One of the key elements that separates hip hop from all other music genres, at least in its essential form, is the primacy of lyricism. Possibly with the exception of folk music (pretty sure Bob Dylan didn’t gain a rep for the quality of his singing), hip hop seems to be the only example of a musical style where the verbal content is as or more important than the overall sound. That in mind, its not entirely surprising that the majority of what we at team UKHH tend to celebrate is MCs outdoing themselves. Sick as all that is, sometimes its easy to forget to celebrate the impressive craft of musically adept producers who are effectively the wind in the sails of the genre. Vagrant Real Estate is one such producer whose mastery of sound deserves recognition. Here’s why…
Yes. Scotland. Along with general media attention, music industry investment and most humans south of the wall, we have been really guilty of ignoring the Scottish scene. We’ve got switched on to the likes of Shogun, Gasp, Ransom FA and SWVN (all worth a check) in the last year-ish but can safely say we have only scratched the surface. Last time we checked though, Scotland was part of the UK. So until that pesky Sturgeon has her way, it should be considered as much a part of UK Hip Hop as any other corner of our island.
Our protagonist of this particular story, Monsieur Vagrant hails from the cold North-Easterly shores of Scotland’s 3rd most populated city, Aberdeen. Coming up in his hometown, which we can conservatively estimate probably isn’t one of the country’s premier strongholds of hip hop culture, Vagrant Real Estate has cut his teeth DJing at venues across the city in an eclectic array of sounds, which likely has contributed to the rising producer’s innate musical versatility. While links to Scotland will hopefully persist and bring forth more gold to the calibre of sick Ransom FA collab ‘Standard Procedure’, the musical scope of Vagrant is a field of view that goes global.
Output to Date?
The guy has been around and making movements for while now. On top of amassing an impressive library of beats that evidence a diverse proficiency in the fields of grime, drill, trap and hip hop, V.R.E. has started building a list of collabs stretching way past the highlands. Beyond UK production for the likes of Skirmish of Rhyme Asylum and Birmingham’s Mayday, credits have included Florida’s Eyesayge and Reno KOQ from Brooklyn.
While being stylistically diverse is a Vagrant calling card, real hip hop seems to be where the beatsmith’s heart is. Its telling that, as the host of Keakie Radio Show ‘Heat Konducta’ he explores all things hip hop and his first solo LP, As Much as I Used To, which dropped in 2017 is firmly grounded in classic US inspired hip hop production.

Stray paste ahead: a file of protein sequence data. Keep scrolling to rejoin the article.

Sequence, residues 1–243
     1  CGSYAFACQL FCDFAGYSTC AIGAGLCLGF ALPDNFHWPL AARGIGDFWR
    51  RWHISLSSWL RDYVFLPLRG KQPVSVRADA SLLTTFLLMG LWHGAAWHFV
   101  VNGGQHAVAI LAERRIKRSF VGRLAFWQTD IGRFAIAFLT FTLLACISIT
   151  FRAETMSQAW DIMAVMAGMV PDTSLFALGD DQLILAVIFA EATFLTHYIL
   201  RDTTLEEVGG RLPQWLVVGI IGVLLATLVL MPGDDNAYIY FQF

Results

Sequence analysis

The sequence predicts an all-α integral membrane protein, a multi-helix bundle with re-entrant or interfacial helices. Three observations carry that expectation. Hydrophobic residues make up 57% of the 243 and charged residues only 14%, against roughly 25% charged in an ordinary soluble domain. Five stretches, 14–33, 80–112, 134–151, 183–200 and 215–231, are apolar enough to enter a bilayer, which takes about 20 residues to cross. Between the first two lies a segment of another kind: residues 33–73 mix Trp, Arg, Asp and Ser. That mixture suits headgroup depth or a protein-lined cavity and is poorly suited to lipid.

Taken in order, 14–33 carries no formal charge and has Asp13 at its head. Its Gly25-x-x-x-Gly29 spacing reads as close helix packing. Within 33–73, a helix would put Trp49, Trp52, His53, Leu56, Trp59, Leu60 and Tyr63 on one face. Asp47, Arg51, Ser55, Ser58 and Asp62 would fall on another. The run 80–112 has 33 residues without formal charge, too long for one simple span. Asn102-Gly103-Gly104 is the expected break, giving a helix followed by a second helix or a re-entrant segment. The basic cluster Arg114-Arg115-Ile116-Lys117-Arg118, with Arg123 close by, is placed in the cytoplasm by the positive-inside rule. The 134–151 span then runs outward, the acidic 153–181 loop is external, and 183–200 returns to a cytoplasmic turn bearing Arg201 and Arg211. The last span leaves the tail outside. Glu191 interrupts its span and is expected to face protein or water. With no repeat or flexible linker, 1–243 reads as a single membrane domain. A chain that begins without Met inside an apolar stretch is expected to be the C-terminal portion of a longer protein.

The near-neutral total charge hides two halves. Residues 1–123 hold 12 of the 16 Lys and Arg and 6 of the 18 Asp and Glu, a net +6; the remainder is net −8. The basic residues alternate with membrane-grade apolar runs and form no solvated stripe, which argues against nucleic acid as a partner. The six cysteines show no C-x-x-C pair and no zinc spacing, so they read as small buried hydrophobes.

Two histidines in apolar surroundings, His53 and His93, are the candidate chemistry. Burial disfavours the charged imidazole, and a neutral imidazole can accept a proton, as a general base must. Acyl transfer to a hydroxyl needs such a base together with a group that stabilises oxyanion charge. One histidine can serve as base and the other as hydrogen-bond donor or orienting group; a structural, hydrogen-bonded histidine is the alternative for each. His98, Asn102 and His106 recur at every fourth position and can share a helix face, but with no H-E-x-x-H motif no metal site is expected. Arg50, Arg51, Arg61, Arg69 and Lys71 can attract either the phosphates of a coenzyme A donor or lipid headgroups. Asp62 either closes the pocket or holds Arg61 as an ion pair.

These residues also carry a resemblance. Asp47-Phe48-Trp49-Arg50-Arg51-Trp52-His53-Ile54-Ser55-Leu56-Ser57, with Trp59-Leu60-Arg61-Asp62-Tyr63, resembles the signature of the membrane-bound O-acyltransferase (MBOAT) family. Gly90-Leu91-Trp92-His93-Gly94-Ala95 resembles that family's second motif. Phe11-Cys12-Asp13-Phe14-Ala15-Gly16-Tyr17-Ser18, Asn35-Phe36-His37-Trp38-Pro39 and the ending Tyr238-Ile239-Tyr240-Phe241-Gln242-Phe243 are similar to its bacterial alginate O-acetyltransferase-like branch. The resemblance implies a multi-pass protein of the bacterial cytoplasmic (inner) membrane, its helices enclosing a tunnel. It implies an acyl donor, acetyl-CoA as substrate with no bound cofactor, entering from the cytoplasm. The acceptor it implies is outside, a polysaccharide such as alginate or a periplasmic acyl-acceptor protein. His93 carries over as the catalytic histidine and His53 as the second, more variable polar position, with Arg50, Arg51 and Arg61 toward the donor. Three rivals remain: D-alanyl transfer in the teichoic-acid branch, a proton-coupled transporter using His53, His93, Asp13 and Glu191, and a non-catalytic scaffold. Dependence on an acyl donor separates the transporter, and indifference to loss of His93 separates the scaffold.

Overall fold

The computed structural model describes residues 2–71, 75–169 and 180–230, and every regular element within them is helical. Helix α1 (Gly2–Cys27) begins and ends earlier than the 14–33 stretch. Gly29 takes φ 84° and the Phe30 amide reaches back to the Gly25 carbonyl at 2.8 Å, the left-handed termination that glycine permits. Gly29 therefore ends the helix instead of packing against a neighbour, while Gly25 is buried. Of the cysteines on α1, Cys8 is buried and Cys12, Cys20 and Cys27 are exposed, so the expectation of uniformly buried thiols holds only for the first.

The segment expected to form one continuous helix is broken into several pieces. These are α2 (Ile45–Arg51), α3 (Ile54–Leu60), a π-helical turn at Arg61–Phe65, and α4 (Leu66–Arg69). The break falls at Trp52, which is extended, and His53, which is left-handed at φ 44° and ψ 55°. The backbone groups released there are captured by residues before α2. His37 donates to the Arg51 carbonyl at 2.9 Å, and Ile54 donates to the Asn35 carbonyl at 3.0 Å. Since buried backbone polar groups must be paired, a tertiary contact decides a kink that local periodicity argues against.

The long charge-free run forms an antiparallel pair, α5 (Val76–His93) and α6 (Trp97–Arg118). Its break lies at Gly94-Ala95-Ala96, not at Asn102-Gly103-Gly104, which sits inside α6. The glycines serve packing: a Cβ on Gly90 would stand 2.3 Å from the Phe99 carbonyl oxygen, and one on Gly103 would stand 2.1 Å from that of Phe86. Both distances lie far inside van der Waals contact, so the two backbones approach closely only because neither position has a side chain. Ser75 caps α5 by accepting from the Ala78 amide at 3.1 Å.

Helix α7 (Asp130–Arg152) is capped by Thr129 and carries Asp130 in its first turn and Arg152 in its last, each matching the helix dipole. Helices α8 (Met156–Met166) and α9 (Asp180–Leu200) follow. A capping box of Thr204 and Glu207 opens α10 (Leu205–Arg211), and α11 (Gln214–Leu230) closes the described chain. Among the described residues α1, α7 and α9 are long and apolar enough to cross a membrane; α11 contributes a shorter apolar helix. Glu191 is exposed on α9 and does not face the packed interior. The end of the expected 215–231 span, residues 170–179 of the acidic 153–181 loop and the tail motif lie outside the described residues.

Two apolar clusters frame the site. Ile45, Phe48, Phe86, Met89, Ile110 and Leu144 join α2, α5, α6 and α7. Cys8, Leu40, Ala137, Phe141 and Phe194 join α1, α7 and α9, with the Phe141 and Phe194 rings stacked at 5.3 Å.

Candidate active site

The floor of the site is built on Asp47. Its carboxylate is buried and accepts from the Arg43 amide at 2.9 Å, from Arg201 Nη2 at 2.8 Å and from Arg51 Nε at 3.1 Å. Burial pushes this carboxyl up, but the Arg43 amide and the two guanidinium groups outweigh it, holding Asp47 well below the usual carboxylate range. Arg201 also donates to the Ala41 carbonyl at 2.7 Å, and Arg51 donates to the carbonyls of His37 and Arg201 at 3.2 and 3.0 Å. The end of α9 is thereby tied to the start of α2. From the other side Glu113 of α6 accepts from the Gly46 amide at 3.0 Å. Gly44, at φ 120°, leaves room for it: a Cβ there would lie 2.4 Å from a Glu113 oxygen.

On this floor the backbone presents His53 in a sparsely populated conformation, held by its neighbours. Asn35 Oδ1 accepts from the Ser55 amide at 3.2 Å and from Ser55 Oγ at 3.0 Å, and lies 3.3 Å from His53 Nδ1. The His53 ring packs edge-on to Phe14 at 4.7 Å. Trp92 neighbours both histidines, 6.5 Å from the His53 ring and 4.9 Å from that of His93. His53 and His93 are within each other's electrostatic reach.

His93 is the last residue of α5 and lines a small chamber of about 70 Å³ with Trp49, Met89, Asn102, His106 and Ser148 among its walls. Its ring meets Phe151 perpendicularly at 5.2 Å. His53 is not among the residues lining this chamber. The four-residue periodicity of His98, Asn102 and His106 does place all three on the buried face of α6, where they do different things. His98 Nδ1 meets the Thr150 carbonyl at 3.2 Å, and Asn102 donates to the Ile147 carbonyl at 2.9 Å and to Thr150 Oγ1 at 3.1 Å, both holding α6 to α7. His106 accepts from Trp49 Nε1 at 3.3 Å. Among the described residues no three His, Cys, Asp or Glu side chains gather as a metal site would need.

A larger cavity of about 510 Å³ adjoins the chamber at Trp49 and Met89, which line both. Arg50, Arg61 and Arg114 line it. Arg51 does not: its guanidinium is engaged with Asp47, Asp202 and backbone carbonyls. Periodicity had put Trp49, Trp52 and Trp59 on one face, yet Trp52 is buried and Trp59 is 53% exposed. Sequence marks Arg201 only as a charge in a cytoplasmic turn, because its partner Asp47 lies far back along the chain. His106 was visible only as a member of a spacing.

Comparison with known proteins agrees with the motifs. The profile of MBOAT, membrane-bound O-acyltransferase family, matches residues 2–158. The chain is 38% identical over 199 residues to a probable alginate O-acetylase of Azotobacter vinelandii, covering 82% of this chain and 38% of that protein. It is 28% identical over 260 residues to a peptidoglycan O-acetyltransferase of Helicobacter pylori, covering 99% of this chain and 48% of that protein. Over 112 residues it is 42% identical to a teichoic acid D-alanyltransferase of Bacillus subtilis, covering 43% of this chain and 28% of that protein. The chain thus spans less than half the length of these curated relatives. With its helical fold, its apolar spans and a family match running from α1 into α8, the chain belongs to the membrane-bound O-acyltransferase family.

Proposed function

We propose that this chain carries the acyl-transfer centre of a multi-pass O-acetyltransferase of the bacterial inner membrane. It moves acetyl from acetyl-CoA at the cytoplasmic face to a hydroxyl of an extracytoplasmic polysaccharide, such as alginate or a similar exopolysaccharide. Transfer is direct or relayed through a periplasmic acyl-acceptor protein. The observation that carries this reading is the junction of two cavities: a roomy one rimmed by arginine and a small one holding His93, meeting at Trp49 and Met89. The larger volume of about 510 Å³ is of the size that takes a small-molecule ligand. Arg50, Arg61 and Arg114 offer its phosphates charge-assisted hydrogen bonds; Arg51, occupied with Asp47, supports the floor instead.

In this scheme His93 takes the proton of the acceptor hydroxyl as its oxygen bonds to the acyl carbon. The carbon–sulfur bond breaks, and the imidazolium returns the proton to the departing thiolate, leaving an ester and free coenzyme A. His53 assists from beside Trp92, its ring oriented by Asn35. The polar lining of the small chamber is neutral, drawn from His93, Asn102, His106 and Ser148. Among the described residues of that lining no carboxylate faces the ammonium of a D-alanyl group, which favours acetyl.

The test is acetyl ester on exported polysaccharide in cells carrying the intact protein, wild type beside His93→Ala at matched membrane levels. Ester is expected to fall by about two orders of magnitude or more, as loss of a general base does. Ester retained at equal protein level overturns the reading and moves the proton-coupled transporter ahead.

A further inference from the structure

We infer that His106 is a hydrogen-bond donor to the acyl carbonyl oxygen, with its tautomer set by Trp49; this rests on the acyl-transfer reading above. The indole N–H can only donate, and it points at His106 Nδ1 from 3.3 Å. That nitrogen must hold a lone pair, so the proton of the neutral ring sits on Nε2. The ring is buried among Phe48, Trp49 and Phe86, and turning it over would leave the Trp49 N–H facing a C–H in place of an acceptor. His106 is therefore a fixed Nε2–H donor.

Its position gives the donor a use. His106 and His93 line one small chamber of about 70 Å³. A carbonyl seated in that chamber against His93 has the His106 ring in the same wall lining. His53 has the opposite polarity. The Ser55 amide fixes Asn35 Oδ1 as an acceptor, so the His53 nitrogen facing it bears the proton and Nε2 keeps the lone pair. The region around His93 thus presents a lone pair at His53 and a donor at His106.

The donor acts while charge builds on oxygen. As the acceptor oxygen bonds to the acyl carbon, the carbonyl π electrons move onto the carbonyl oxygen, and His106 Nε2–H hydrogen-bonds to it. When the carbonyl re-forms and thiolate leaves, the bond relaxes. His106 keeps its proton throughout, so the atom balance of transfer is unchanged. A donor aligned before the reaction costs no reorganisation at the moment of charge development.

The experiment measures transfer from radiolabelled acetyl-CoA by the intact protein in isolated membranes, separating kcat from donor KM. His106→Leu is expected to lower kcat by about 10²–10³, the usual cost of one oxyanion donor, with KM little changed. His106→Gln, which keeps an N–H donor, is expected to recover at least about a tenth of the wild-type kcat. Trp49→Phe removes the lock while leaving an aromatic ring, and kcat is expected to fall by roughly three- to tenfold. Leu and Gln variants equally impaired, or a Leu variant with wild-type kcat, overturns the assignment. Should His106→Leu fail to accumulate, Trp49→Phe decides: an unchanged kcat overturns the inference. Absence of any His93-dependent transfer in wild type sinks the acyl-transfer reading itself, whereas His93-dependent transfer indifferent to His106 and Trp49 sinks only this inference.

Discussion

Oh yeah and he’s also let us have a fistful of beats. So far only one has seen the light of day… We used his track ‘Thermal’ for this supremely good one-take cypher shot at Nozstock Festival this year. Chosen simply because it was dope as fuck. (Subscribe to our channel for more of his beats popping up in bars videos to come.)
In one word, what makes Vagrant Real Estate stand out, (typified on this new LP) is texture. Vagrant has mastered the art. The tendency for instrumentals by many-a-producer to sound a bit flat can go quite unnoticed until on occasion you listen properly to beat makers who naturally know how to make tunes that sound alive, warm and dynamic. Once you focus in on the artistry of that kind of production its an instant reminder that the likes of Vagrant are few and far between…
After the gradual phase in of warmth from intro track ‘Crystallised’ SWEETHEARTGRIPS immediately hits its stride. Early tracks ‘Troublesome ’93’ and ‘Cruise (Underwater Level)’ put Vagrant on pretty level footing with some of the greats of Trip Hop. Think Scotland’s answer to Aim or more early RJD2. Tracks following (and throughout the album in general) ebb and flow from spacey wanderings into moments more grounded in hip hop’s core rhythmics, occasionally interspersed with sparing vocal cuts.
A third of the way through this 21 track odyssey ‘Plagiarism, 2019’ steers the project more into classic US hip hop instrumental territory to the point that you find yourself mentally ghostwriting bars in the style of Papoose or The Game to them in real-time. Two tracks later cut-athon ‘Symmetry’ juggles horns and a Mos Def vocal sample and jostles the listener firmly back into trip hop territory ready for stand out track ‘Lifeless / Like This’ which (and I promise to make no more comparisons to RJD2 for the rest of this article) wouldn’t sound out of place on the track listing for seminal album Deadringer.
Over the course of the second half of the album, SWEETHEARTGRIPS continues to provide ear candy in abundance. Everything flows. Rhythms, sounds and styles sampled are subject to constant switch ups but the whole thing happens seamlessly. As a whole project the LP delivers without any crap filling the gaps. For Trip Hop fans it serves up 21 tracks of dreamlike ambience to get lost that make it well worth a cop for late night play-listing. Equally, due to the sheer number of instrumentals ripe for flowing over the album is a valuable addition to beat libraries of hip hop DJs and MCs alike
SWEETHEARTGRIPS dropped this weekend. Show some love and buy a copy here.